My Dear Friends in Christ
May the Grace and Peace of our resurrected Lord Jesus Christ be with you as we continue to celebrate this Easter season. I have a friend who is a priest that I always see at priest gatherings. In a one-on-one situation, he’s a great person to talk to. He keeps the conversation going and always has interesting stories to tell. But, if you get him in a group, I hate talking to him because, as you talk to him, he is constantly scanning the room looking for someone else to talk to. I just want to grab his head, turn it towards me, and say, “Please pay attention to me while we are talking!”
I’m sure most of us would say that, when it comes to God, we want to put all our attention on our relationship with him. And yet, our readings today present us with three situations in which we’d probably prefer God wasn’t there. The first is illustrated in the gospel account of Jesus’ appearance to the disciples on the road to Emmaus. One commentator that I read said that this may have been Cleopas, whose father may have been the brother of St. Joseph, and Mary, his wife, who was present at the crucifixion next to the Blessed Mother and Mary of Magdala. If so, it stands to reason that this husband and wife, one a first cousin of Jesus and the other an eyewitness to his death, would have been very disappointed in the results of Good Friday and very skeptical of the women’s reports of the empty tomb. As they’re walking along, Jesus comes to them and starts talking to them but their eyes are prevented from seeing him. It’s only when he takes bread, blesses it, and hands it to them that the scales fall from their eyes and they are able to see. As one commentator put it, “Jesus miraculous presence is hardly necessary when one has his presence in the Eucharist.” Yet, honestly, how many times to we come to mass, not pay any attention to the prayers, barely listen to the readings or homily, scuttle to the front of the communion line, consume the host, and have no real sense that the Lord was here among us the whole time? Stay with us Lord when our spiritual blindness prevents us from recognizing you in the breaking of the bread.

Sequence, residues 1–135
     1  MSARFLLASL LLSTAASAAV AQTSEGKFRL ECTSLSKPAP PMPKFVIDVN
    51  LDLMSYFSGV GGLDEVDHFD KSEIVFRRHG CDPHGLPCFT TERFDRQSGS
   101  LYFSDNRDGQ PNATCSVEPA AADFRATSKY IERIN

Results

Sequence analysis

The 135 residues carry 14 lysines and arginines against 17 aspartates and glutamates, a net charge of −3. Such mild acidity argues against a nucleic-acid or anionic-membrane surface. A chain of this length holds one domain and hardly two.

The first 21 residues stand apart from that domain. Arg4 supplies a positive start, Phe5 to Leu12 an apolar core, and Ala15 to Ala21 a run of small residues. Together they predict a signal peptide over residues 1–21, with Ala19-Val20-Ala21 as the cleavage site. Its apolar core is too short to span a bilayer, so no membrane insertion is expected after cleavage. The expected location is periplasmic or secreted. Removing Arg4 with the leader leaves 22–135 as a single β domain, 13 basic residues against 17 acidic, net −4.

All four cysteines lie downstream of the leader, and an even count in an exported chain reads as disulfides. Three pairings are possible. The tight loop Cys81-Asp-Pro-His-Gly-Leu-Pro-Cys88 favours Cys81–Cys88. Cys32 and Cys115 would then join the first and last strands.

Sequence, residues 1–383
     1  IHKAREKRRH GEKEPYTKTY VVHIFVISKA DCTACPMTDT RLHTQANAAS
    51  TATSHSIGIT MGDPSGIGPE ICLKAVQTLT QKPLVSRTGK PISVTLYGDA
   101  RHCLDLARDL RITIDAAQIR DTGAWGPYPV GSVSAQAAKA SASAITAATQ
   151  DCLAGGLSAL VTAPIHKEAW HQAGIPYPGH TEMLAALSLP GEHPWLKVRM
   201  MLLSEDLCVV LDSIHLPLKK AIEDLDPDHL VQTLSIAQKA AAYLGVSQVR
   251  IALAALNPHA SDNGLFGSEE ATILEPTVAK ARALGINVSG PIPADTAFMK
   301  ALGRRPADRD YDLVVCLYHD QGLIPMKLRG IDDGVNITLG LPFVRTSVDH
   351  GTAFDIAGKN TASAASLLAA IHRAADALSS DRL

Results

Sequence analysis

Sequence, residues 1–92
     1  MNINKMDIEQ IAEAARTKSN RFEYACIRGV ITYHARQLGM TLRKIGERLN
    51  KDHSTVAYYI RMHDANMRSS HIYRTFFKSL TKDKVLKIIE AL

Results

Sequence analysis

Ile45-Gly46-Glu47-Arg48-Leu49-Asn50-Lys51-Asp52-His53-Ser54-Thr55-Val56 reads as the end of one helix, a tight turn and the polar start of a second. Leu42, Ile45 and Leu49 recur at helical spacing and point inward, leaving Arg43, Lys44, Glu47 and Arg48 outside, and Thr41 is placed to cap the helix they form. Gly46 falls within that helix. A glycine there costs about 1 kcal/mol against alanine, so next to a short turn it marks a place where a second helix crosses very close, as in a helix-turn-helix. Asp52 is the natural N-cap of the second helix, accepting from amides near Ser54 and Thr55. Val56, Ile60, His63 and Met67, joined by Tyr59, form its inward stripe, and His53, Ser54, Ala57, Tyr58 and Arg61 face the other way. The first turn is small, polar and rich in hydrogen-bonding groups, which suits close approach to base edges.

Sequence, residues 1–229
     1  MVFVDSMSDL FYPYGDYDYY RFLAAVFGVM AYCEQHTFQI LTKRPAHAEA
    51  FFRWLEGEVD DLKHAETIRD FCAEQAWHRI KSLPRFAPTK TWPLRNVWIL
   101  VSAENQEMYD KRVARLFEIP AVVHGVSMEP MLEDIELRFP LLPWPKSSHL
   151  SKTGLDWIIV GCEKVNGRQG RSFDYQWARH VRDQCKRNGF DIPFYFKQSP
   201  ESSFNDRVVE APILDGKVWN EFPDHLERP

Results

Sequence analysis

In the second reading, the Apostle Peter exhorts us that, if we call God our Father, which we do each time we pray the Our Father, then we have to accept God as a father. Part of what isn’t communicated as well in today’s society as it would have been even 40 or 50 years ago is that we call God “Father” because he is head of the household. I’m not trying to diminish the role of women, especially on this day, Mother’s Day. But, one of the sad things that has happened to men in modern media is that we often view fathers as total buffoons. From Al Bundy to Homer Simpson to Peter Griffin to Doug Heffernen to Phil Dunfey and the list could go on and on and on, most fathers on television are shells of the real dads I’ve met who love their wives, work hard, and, yes, occasionally discipline their kids when they’re bad. I can’t help but notice that, as our image of fatherhood has been so diminished and distorted, so has our image of God as Father. We don’t like to think of God as being in charge or God as having the master plan. Stay with us, Lord, when we misunderstand you and distort who you are for our own convenience.
And, lastly, there’s the first reading. In this first Papal Address made by our first Pope, Peter courageously speaks to the people he blames for the death of Jesus, his fellow Jews. He addresses them and witnesses to them about how Jesus has appeared to him. In our modern era, religion is considered by many to be a private matter. Part of the reason for this is because we don’t want to seem like a Bible thumpers, right? First of all, most of us (myself included) don’t know enough Bible passages by heart to be a bible thumper but, just as important, we don’t want that image. And, yet, believing in Jesus demands that we speak to others about him, that we let others know about the love God has for them in sending his son to be our savior, especially in this time when there is so much misinformation out there about the church. Stay with us, Lord, when we are with others who need to know you.
We may think that we always want God to be close to us but there are times when we may think it would just as good if he wasn’t. In those times, it’s most important that we echo the prayer of two disciples on the road to Emmaus, “Stay with us, Lord.”